The 5 Most Common Types of Water Treatment Chemicals

These chemicals are used to prevent corrosion in pipes and other water treatment systems. They are also known as scale inhibitors, anti-scalants, or corrosion inhibitors.

Corrosion Inhibitors

These chemicals are used to prevent corrosion in pipes and other water treatment systems. They are also known as scale inhibitors, anti-scalants, or corrosion inhibitors.

Corrosion inhibitors work by preventing the buildup of calcium carbonate (i.e., hard water) on pipes and other surfaces. This buildup can cause clogs and other problems in your plumbing system.

The most common type of corrosion inhibitor is phosphates. Phosphates are inexpensive and easy to find at any home improvement store. They're also very effective at preventing corrosion, which means they're often used in whole-house water softeners to control scale problems throughout the house's plumbing system.

Another type of corrosion inhibitor is silicates, which are usually combined with phosphates to create a more effective solution for controlling scale buildup in your home's pipes and appliances.


There are many types of water treatment chemicals that can be used to treat different types of water quality issues. The most common types of water treatment chemicals are coagulants, flocculants, coagulant aids and bacterial additives.

Coagulation: Coagulation is the process by which suspended particles in water are bound together by chemical reactions. This process is often used in softening water and removing hardness from the water supply.

Flocculation: Flocculation is the process by which large clusters of particles in a liquid form larger clumps through a chemical reaction. This process can help remove turbidity and color from your water supply.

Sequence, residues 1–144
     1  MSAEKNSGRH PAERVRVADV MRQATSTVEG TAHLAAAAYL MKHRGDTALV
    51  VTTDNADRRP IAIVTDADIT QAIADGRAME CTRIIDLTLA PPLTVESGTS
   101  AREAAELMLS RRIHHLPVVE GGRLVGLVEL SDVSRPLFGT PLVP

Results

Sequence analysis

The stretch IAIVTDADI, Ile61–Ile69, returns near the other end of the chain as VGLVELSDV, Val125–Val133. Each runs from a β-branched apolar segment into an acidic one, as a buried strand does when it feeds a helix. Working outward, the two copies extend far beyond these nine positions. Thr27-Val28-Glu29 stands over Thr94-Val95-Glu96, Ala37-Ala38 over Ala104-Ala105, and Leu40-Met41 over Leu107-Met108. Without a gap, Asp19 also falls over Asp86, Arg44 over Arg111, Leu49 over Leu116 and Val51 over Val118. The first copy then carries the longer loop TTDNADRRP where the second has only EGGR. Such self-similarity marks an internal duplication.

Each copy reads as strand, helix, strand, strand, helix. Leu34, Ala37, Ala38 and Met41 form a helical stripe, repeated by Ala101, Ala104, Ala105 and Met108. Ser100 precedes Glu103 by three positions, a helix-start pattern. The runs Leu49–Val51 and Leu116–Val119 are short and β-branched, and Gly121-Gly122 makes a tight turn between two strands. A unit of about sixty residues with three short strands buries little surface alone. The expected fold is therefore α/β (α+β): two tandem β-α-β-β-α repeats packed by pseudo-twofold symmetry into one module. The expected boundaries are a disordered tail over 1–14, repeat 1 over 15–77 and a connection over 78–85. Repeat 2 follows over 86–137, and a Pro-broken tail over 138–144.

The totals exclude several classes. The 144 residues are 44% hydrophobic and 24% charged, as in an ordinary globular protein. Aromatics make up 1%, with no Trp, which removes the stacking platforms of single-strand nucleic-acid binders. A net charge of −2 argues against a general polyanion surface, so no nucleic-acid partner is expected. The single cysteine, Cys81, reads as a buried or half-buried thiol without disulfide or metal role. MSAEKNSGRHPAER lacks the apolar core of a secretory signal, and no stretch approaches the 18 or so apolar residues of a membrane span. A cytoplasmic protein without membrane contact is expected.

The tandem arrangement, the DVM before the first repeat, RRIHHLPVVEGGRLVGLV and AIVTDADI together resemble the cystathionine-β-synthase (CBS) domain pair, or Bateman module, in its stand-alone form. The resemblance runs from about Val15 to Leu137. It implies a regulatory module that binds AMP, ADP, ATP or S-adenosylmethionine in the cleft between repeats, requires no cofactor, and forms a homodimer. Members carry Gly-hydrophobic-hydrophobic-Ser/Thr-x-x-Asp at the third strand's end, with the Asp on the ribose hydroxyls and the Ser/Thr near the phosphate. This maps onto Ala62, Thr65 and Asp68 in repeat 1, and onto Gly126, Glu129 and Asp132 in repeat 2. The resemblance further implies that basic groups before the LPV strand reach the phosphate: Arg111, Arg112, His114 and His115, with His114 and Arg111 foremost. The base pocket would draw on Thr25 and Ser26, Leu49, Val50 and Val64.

Coagulant Aids: Coagulant aids are compounds that are added to the water during coagulation to help speed up the process or improve its effectiveness. These compounds include aluminum sulfate and ferric chloride — both salts that speed up coagulation by neutralizing positively charged particles with negative charges on their surfaces. They also include organic materials like alumina trihydrate (ATH) and polymers like polyacrylamide (PAM).

Disinfection Chemicals

Disinfection chemicals are used to kill bacteria, viruses and other microorganisms in water.

Disinfection chemicals include chlorine, chloramines, and ozone. Chlorine is added to water during the treatment process. Some utilities add chlorine as a gas, while others use sodium hypochlorite solution (liquid bleach) to disinfect water. Chlorines bleach properties help it bind to organic matter and disinfect it by oxidizing it.

Chloramines are formed when ammonia is added to free chlorine in water. Ammonia helps form chloramines which are more stable than free chlorine under certain conditions. The most common type of chloramine is monochloramine (NH2Cl). Chloramines have a stronger odor than free chlorine but they do not dissipate as quickly as free chlorine does (about 3 days). They also tend to leave behind an unpleasant taste and smell in drinking water that can be removed using an activated carbon filter or reverse osmosis system.

Ozone (O3) has been used for many years for water disinfection, as well as air purification, food sterilization and industrial applications requiring high levels of oxidation efficiency at low concentrations

Scale Inhibitors

Water is a valuable natural resource, and it should be treated with care. Water treatment chemicals are used to remove impurities from water before it is used for drinking and other purposes. There are many different types of water treatment chemicals, but some common ones are:

Scale Inhibitors - Scale is a hard deposit that forms on the inside of pipes and heat exchangers. This can cause blockages, which can lead to equipment failure. Scale inhibitors break down these deposits before they have a chance to build up into scale deposits.

Corrosion Inhibitors - Corrosion occurs when water reacts with metal surfaces and causes them to corrode or rust. Corrosion inhibitors stop this reaction before any damage occurs.

Dechlorinators - Chlorine and other disinfectants are added to water supplies as a way to kill harmful bacteria and viruses. These disinfectants can also harm humans who drink too much chlorinated water over long periods of time, so dechlorinators remove them from the water supply by converting them into harmless compounds like chloride ions or sodium hydroxide (lye).

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